These depradations produced anti-Qing risings—the Taiping (1853-64) and the Nienfei (1865). Neither were fully national risings in the modern sense of the word. The Boxer Movement still had powerful dynastic elements but it was a mass popular uprising, aimed first at the missionaries and then at the foreign concessions and the legations in Beijing. Its crushing by the combined imperialist powers, including Japan, led to the notorious Boxer Protocol. This imposed massive reparations and even more extensive extra-territoriality. It was obvious that the European imperialist powers and Japan were carving China up, first into spheres of influence, with the aim eventually of turning these into outright colonial possessions. The USA, in slight contrast, was advocating an open door policy, that is, a cartel of imperialist powers super-exploiting the country through Chinese political intermediaries.

Japan’s victory over Russia in 1905 and the ensuing revolution in Russia had an immediate effect in China. Democratic revolutionary student groups formed. Mutinies in the modernised army spread. The semi-alien Qing dynasty collapsed in revolution 1911-12. Sun Yat-sen was briefly president but yielded power to a pro-dynastic war lord who proceeded to try to make himself emperor on the basis of foreign loans. After his death in 1916, war lords took power in most Chinese provinces and did deals with the various imperialist powers. It seemed that China would be divided amongst them. But, just at this time, the world war sparked rapid industrialisation in the major ports, cities and in some inland sites. The bourgeoisie and the proletariat became stronger. The Chinese workers’ movement was born.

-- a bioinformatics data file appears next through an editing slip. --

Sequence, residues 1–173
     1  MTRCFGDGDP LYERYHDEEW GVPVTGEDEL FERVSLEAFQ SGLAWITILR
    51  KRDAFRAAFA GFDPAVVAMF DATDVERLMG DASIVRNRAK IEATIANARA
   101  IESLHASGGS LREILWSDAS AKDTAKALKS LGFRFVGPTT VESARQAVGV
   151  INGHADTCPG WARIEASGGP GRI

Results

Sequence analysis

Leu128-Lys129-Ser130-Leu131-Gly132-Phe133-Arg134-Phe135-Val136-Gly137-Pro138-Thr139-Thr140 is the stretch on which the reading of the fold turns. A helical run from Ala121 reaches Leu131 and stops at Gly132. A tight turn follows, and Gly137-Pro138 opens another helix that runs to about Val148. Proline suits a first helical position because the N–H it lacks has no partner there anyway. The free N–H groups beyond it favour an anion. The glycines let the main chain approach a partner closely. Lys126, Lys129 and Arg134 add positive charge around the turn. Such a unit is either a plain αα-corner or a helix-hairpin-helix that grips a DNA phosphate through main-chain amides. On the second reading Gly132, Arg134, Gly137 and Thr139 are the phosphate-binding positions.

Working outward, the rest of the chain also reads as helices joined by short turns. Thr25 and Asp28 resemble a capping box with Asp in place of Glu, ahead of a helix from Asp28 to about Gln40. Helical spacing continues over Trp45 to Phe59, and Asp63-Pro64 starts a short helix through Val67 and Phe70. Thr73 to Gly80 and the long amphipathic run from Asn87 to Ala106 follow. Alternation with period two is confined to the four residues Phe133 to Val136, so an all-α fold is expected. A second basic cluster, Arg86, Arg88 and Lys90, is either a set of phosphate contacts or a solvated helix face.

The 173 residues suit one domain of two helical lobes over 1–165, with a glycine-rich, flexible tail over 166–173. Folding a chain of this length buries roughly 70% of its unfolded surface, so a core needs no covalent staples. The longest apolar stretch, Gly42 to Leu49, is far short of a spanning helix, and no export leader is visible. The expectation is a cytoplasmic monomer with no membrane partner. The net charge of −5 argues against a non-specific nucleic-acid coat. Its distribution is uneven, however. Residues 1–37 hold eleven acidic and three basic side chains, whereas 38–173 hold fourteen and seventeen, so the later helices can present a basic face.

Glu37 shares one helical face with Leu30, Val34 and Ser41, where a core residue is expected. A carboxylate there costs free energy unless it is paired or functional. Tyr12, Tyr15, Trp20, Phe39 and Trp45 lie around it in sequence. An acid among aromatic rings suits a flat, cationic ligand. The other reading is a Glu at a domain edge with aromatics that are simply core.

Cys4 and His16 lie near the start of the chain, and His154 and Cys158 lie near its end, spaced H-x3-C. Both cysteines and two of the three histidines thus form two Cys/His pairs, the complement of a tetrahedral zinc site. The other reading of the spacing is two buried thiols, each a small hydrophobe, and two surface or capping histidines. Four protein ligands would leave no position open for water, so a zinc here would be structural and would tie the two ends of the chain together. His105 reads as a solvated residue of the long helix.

The October Revolution of 1917 in Russia had an electric effect on China and not least on Sun Yat-sen. Close links were made with the Bolsheviks. Soviet military advisers arrived in South China, the centre of revolutionary nationalism. Chiang Kai-shek, the nationalist army chief, received military training in Moscow. The Guomindang was re-founded as a modern political party in 1924 and was modelled in many organisational aspects on the Bolshevik Party. Sun Yat-sen developed a ramshackle ideology (the “three peoples” principles). The Chinese CP entered the Guomindang and set about building it as a “national revolutionary party”. Bourgeois nationalism in China, however, turned out to be far from revolutionary. As in India, the bourgeois nationalists could not contemplate the mobilisation of China’s workers and peasants against Chinese landlords or Chinese landowners.